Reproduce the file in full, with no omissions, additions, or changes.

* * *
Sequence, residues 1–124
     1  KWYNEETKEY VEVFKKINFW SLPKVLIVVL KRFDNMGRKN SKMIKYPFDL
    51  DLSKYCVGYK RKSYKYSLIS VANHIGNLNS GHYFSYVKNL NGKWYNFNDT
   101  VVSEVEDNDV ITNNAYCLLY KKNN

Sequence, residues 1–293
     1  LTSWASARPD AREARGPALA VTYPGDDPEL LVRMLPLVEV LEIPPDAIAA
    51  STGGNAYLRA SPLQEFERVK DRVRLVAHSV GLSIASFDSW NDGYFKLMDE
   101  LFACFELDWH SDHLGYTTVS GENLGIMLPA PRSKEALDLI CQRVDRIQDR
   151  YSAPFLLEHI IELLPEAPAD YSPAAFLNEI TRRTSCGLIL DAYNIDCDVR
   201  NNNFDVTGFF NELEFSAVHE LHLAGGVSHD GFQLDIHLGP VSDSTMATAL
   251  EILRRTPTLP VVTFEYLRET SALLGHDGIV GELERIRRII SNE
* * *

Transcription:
Sequence, residues 1–124
     1  KWYNEETKEY VEVFKKINFW SLPKVLIVVL KRFDNMGRKN SKMIKYPFDL
    51  DLSKYCVGYK RKSYKYSLIS VANHIGNLNS GHYFSYVKNL NGKWYNFNDT
   101  VVSEVEDNDV ITNNAYCLLY KKNN

Sequence, residues 1–293
     1  LTSWASARPD AREARGPALA VTYPGDDPEL LVRMLPLVEV LEIPPDAIAA
    51  STGGNAYLRA SPLQEFERVK DRVRLVAHSV GLSIASFDSW NDGYFKLMDE
   101  LFACFELDWH SDHLGYTTVS GENLGIMLPA PRSKEALDLI CQRVDRIQDR
   151  YSAPFLLEHI IELLPEAPAD YSPAAFLNEI TRRTSCGLIL DAYNIDCDVR
   201  NNNFDVTGFF NELEFSAVHE LHLAGGVSHD GFQLDIHLGP VSDSTMATAL
   251  EILRRTPTLP VVTFEYLRET SALLGHDGIV GELERIRRII SNE